The teachers thought it was funny. Several of the students’ eyes grew big. I felt slightly embarrassed for marking myself as different from my Texan peers, peers I was supposed to befriend, and was relieved when my last square of toilet paper somersaulted gracefully to the floor.
After attending that high school for two years, making some friends, going to the Valentine’s dance, acting in a Jane Austen play, I began to feel restless. I loved Fort Worth. I loved the sprawling grassland with its scraggly mesquite trees, I loved the pool in the hot Texas summer, I loved our neighbor’s horses, I loved skipping Friday night football games to hang out with my friends instead, but we’d been there for so long.
Since graduating from college, every place I’ve moved I’ve wanted to make my home.
When I moved to Washington, D.C. for a journalism internship, I wondered: could this be my home? I loved the history, the ornate buildings, the excitement of the metro, the museums on the National Mall, the tree-filled parks, my little room in the house with the dark green trim.
Yes, I thought, this could be my home.
When I moved to Santa Barbara to write for the city newspaper, I wondered: could this be my home? I loved the adobe red-roof buildings, the sparkling blue ocean, the palm trees, the craggy mountains, the dolphins swimming offshore.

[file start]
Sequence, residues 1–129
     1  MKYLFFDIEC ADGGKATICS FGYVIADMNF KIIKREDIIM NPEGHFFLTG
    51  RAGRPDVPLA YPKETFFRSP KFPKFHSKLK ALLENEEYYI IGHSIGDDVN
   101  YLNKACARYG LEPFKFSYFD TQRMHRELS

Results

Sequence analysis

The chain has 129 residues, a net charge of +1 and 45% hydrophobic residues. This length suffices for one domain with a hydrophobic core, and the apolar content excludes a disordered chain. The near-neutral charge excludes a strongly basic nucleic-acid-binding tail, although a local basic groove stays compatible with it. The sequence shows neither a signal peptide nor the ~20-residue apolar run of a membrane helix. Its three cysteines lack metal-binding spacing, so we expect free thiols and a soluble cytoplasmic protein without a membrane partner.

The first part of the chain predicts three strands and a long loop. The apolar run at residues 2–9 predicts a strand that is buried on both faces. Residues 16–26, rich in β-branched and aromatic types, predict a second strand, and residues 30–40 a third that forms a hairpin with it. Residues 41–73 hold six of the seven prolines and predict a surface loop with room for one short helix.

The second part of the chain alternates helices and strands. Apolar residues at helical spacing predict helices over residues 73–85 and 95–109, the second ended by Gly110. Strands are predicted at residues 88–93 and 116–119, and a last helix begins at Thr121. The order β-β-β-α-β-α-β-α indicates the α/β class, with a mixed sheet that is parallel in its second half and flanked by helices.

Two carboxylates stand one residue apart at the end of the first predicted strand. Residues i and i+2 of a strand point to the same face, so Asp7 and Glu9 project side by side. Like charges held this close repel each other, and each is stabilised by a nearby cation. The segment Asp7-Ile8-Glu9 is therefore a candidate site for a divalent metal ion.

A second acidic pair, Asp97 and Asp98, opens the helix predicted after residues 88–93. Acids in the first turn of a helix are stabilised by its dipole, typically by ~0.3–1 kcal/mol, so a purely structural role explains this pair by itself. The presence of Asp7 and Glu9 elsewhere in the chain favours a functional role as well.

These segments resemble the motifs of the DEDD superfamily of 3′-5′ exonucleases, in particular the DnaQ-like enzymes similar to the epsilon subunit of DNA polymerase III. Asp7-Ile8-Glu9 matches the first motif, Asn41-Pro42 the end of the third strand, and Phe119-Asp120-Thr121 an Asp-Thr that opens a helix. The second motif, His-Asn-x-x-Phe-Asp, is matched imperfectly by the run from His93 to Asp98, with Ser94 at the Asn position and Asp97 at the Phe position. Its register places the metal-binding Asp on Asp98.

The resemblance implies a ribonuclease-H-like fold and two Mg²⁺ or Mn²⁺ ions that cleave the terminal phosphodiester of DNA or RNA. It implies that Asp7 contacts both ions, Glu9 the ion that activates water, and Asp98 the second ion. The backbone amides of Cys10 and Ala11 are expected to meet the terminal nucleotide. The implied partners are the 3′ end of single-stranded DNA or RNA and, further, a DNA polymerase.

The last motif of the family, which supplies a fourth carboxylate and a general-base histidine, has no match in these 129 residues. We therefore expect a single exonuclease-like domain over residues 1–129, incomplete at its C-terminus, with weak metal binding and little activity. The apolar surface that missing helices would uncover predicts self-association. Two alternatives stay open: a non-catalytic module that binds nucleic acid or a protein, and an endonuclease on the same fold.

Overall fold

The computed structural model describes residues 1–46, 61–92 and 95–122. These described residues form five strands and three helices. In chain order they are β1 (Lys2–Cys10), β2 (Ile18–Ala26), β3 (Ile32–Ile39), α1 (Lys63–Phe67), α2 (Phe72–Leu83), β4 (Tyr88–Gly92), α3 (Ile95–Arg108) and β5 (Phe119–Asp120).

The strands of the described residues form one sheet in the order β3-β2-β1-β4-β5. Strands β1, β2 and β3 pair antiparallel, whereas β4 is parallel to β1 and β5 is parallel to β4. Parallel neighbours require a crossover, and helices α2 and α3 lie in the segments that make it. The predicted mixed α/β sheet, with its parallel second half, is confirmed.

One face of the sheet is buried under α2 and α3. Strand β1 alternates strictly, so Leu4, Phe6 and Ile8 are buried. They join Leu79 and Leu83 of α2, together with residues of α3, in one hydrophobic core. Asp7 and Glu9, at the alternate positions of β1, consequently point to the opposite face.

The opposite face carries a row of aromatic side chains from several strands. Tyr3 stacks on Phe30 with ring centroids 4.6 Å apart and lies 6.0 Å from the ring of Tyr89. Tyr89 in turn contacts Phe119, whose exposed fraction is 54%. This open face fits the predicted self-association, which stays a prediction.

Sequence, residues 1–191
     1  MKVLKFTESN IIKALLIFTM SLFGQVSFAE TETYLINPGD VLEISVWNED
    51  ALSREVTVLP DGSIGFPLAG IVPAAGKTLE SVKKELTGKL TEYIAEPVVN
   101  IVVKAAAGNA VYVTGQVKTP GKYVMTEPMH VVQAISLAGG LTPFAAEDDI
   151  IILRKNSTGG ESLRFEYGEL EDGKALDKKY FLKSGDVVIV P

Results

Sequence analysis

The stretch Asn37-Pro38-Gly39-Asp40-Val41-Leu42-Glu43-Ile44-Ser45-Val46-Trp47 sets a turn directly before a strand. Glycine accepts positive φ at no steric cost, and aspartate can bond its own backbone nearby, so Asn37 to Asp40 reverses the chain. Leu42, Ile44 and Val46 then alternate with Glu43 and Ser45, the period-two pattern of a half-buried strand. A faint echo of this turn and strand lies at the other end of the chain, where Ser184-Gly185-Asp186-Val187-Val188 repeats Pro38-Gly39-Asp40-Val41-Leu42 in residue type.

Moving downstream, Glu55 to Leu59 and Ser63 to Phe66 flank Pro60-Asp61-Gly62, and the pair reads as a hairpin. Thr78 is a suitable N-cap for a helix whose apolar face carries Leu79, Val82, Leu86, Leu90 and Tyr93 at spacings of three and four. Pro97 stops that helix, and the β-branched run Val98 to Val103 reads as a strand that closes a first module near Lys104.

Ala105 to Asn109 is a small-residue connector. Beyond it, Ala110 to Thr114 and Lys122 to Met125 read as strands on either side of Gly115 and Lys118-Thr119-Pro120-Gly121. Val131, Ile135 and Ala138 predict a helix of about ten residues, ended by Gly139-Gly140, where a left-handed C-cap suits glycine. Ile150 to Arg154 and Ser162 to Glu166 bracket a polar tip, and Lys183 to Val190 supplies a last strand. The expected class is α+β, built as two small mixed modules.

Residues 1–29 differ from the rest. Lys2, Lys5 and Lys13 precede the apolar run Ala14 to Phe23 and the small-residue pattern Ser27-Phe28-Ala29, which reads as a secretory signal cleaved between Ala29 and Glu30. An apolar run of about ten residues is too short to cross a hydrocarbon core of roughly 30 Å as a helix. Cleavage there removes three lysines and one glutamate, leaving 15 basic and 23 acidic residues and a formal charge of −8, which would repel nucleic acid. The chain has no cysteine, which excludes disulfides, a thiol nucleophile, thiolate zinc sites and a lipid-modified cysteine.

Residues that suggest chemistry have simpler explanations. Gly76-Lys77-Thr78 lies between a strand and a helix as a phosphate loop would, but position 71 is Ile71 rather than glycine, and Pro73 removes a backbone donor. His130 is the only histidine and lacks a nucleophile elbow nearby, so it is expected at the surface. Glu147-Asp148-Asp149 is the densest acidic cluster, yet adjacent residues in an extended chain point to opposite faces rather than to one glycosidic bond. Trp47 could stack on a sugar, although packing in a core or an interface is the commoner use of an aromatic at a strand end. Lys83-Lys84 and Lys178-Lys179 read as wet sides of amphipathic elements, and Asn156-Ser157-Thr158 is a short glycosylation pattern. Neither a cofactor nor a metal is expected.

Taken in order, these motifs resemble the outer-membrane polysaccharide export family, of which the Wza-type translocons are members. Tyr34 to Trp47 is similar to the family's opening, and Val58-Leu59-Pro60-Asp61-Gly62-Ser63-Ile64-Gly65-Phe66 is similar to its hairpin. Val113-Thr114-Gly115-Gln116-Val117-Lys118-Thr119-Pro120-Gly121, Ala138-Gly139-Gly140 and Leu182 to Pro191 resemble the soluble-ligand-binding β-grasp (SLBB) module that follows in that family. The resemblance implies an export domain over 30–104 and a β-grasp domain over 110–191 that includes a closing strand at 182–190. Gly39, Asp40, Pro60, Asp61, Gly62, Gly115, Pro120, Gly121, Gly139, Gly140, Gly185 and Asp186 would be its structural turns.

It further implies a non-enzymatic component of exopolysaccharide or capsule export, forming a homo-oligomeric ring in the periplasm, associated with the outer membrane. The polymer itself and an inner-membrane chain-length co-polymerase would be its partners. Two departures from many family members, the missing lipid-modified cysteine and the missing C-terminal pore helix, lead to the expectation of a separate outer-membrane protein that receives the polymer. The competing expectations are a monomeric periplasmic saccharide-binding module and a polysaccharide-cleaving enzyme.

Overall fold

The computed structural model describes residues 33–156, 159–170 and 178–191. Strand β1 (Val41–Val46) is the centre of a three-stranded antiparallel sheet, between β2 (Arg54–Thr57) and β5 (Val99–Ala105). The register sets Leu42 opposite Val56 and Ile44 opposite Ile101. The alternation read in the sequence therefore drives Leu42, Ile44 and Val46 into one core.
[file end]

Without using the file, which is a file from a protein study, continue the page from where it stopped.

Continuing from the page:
Yes, I thought, this could be my home.
Now I live in Dallas, and sometimes I wonder: is this city my home?
When I first moved to Dallas, I did not think it could ever be my home. Everywhere I looked I did not see Dallas. Instead, I saw what Dallas was not.
Dallas was not palm trees or ocean waves or coffee shops near the beach. Dallas was not hiking trails or wild bluffs or purple-tinged mountains. Dallas was not sunsets or seagulls or wineries in the hills.
Dallas was not California. Dallas could never be home.
But I’ve lived in Dallas for over a year now and in many ways, it is my home.
It is my home because it is the address I use when buying books from Amazon or signing up for a library card. It is my home because my grandmother lives there and (when I’m not living out of a suitcase) I live in her house. It is my home because I have friends in Dallas whom I love.